The health effects of energy drinks are the highest in young adults. Teens may encounter heightened after-effects from the large caffeine intake, alongside the added sugar, herbal stimulants, low-calorie sweeteners, and corn syrup.

Excess sugar consumption through energy drinks can lead to weight gain, type-two diabetes, gout, and cardiovascular diseases.

As of 2007, the CDC reported 1,145 young adults, between 12 to 17 years of age, needed emergency care because of energy-drink-related issues. In 2011, the total number increased to 1,499 cases.

The high sugar content in some energy drinks is similar to the health risk that is often associated with sugar-sweetened beverages.

Compared to young adults, older adults experience different effects depending on how often they consume energy drinks. Too many calories and caffeine can lead to conditions such as dehydration, insomnia, high blood pressure, increased heart rate, and restlessness.

There are a large number of people who also mix energy drinks with alcohol. The side effects include feeling less intoxicated, even when the presence of alcohol in the body causes impaired reaction time or poor motor coordination.

Adults may also experience caffeine withdrawals, which can lead to health issues like anxiety, fatigue, irritability, and headache.

As various statistical studies suggest, a large percentage of energy drink consumption is done by young adults and teens. An estimated 34% of men, between the ages of 18 and 24, consume the most energy drinks.

The energy drink beverage market is huge!

Did You Know

Various energy drinks contain taurine, a type of amino acid found in baby formula and breast milk, and ginseng, which is rumored to increase athletic performance. However, there are only a handful of energy drinks that consists of these elements and can improve performance.

By 2013, the sales of the energy drink industry were considered to be over $10 billion. The advertisement of these drinks is intentionally created in a way that appeals to minors with their soft-drink-like designs.

The Spike Hardcore Energy drink is currently the most powerful. The drink has a caffeine count of 350 mg per 8 fluid oz (0.4 l).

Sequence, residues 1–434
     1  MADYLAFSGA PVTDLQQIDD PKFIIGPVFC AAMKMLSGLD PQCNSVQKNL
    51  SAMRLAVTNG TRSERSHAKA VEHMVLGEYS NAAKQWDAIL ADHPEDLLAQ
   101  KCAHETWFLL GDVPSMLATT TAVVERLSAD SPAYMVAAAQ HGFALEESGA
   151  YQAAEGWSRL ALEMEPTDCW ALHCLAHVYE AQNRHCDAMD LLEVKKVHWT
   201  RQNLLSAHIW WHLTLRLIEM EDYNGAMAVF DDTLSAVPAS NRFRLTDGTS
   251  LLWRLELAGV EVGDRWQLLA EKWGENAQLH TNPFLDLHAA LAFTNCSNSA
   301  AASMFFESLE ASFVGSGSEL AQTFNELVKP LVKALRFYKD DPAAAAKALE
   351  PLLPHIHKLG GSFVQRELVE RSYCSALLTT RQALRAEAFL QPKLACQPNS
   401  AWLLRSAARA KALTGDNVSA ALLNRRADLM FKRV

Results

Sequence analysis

Some of the most famous energy drinks are Monster, Amp, NOS, Rockstar, and Red Bull.

In 2014, energy drink company Red Bull was sued because of their catchphrase “Red Bull gives you wings.” A consumer claimed that he never gained wings even after consuming the drink for more than 10 years! The entire event took the form of a $13 million lawsuit.

Despite many health claims, Red Bull contains the same amount of caffeine as a regular cup of coffee, which is 80 mg. A 16 fluid oz (0.4 l) Starbucks Grande has 330 mg!


Q. What are 5 facts about energy drinks?

A. Energy drinks have serious health risks. Energy drinks originated in Japan. Red Bull popularized energy drinks in Europe. Red Bull and Monster are two of the largest energy drink sellers. Energy drinks were introduced to the United States in 1949.

Q. Are energy drinks regulated?

A. The FDA does not regulate energy drinks, but it does regulate the ingredients being used in the drinks.

Q. Do energy drinks help you study?

A. Yes, energy drinks will help you study as the caffeine content in the drinks help improve focus and concentration.

Q. Who are energy drinks usually marketed to?

A. Energy drinks are generally marketed to young people.

Q. What are the dangers of drinking energy drinks?

A. Drinking energy drinks without regulating your intake can lead to serious issues such as increased blood pressure, dehydration, and nausea.

Q. What are the different types of energy drinks?

A. Today, energy drinks are divided into three types: Mainstream energy drinks like Red Bull and Monster, vitamin-fortified beverages such as Nestle's Boost energy drink, and naturally healthy invigorating drinks without sweeteners or added sugar.

Q. Do energy drinks cause water retention?

A. Since caffeine serves as a diuretic, it encourages the body to release excess fluids in the form of urine, even if there is no excess fluid present. This leads to the body retaining the fluid instead of releasing it, causing water retention.

Q. What makes an energy drink an energy drink?

A. The addition of caffeine and other sugar-rich ingredients gives energy drinks their specific taste.

Q. Can kids drink energy drinks?

A. There are no health benefits for kids. Parents are advised to not allow their children to drink them because of the various health effects that these drinks can have on an underdeveloped body.

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Written by Rajnandini Roychoudhury

Bachelor of Arts specializing in English, Master of Arts specializing in English

Rajnandini Roychoudhury picture

Rajnandini RoychoudhuryBachelor of Arts specializing in English, Master of Arts specializing in English

With a Master of Arts in English, Rajnandini has pursued her passion for the arts and has become an experienced content writer. She has worked with companies such as Writer's Zone and has had her writing skills recognized by publications such as The Telegraph. Rajnandini is also trilingual and enjoys various hobbies such as music, movies, travel, philanthropy, writing her blog, and reading classic British literature.